Though I have mellowed in recent times, largely as a result of previous work in the company of sportsmen, I am still very much guilty of falling into the conservation booby-trap from time to time. Of wanting to protect anything and everything whatever the cost, and entrenching myself ready to do battle with anyone of a different mindset. Still, to this day, I find myself jumping the gun with some frequency, and making decisions based on sentiment and personal beliefs as opposed to fact and logic. This is not always a bad thing, passion is, after all, what drives us, but must change nevertheless. Let me give you an example.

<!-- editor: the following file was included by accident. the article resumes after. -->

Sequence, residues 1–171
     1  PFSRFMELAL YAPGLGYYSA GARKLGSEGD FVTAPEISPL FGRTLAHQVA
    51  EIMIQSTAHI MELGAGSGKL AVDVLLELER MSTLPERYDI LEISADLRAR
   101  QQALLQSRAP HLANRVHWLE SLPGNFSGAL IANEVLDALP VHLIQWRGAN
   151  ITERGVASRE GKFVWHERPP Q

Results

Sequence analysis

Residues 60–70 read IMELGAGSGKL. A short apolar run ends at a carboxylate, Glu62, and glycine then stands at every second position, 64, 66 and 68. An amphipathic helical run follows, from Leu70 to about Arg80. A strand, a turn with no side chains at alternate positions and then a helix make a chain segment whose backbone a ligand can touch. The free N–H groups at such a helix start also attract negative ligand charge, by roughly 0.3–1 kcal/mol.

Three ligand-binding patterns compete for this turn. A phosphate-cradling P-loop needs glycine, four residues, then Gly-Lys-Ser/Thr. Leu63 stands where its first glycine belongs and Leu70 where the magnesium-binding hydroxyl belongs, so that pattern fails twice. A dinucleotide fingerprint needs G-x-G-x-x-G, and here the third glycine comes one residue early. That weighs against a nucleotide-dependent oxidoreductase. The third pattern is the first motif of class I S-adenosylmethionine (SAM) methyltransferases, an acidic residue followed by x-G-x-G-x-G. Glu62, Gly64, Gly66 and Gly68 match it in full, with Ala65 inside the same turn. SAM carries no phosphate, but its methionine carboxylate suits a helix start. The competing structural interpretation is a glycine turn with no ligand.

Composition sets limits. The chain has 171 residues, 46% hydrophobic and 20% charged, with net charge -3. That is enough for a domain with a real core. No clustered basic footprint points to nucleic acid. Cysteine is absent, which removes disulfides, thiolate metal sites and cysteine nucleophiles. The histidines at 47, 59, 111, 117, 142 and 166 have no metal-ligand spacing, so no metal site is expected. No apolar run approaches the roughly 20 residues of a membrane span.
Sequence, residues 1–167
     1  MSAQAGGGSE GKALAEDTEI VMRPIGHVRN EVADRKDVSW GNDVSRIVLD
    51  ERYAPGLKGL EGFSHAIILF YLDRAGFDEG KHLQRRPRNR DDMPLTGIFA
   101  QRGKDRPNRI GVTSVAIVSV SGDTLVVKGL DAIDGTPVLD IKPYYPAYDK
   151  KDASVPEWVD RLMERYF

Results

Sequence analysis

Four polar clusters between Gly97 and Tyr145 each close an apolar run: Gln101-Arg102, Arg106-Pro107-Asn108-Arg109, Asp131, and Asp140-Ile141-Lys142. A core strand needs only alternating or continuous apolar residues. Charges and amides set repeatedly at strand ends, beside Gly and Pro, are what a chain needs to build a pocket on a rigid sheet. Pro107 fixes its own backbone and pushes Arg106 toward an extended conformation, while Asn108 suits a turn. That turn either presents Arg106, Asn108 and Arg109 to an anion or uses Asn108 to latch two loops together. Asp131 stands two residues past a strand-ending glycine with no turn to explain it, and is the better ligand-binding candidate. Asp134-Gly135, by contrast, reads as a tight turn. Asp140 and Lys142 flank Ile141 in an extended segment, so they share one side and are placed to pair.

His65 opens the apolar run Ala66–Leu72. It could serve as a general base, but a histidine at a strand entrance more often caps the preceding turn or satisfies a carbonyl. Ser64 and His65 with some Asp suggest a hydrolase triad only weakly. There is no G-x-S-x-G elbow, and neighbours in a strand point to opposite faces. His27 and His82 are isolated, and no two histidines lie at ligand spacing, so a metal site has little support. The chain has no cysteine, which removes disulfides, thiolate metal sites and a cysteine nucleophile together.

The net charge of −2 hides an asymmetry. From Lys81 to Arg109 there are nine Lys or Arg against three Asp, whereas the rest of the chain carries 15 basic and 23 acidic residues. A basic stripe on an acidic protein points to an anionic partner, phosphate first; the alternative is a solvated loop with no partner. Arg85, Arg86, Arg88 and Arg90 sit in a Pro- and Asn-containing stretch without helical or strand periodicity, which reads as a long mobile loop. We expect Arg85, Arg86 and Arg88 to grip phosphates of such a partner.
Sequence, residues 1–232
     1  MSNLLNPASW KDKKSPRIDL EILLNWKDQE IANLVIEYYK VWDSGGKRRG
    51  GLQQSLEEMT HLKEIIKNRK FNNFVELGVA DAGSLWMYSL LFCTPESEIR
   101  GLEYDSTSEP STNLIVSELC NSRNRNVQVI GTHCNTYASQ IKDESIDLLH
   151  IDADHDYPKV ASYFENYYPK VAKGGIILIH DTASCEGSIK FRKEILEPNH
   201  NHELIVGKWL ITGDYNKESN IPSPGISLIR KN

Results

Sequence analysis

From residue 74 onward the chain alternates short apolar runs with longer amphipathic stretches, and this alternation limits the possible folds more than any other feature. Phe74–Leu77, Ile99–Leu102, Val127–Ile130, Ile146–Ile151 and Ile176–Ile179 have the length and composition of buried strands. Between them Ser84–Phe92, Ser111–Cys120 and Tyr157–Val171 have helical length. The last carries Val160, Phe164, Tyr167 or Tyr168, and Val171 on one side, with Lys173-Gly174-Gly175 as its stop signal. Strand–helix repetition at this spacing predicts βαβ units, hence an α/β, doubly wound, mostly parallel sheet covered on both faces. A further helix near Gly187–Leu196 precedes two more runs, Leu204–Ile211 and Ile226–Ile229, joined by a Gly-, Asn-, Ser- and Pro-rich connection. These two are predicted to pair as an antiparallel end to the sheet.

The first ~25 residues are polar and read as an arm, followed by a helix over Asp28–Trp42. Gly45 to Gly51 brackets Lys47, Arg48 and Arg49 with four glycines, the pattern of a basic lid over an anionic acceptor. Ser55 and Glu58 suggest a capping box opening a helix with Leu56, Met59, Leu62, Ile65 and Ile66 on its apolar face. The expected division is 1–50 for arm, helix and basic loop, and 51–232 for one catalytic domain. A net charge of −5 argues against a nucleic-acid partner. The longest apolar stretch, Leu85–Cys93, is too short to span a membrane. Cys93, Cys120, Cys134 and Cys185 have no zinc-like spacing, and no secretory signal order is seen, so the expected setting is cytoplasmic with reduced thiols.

Shooting. The very word often inspires fits of anger from those who cherish wildlife, and it did from me for quite some time. A few years ago, fresh out of university for the first time, I would have firmly classified myself as an “anti” – disgusted by the very notion of killing wildlife for “fun” or profit. This changed, largely as a result of some real world experience, working with sportsmen on a number of sites in Scotland. Now, despite abhorring certain associated factors, I cannot describe myself as such.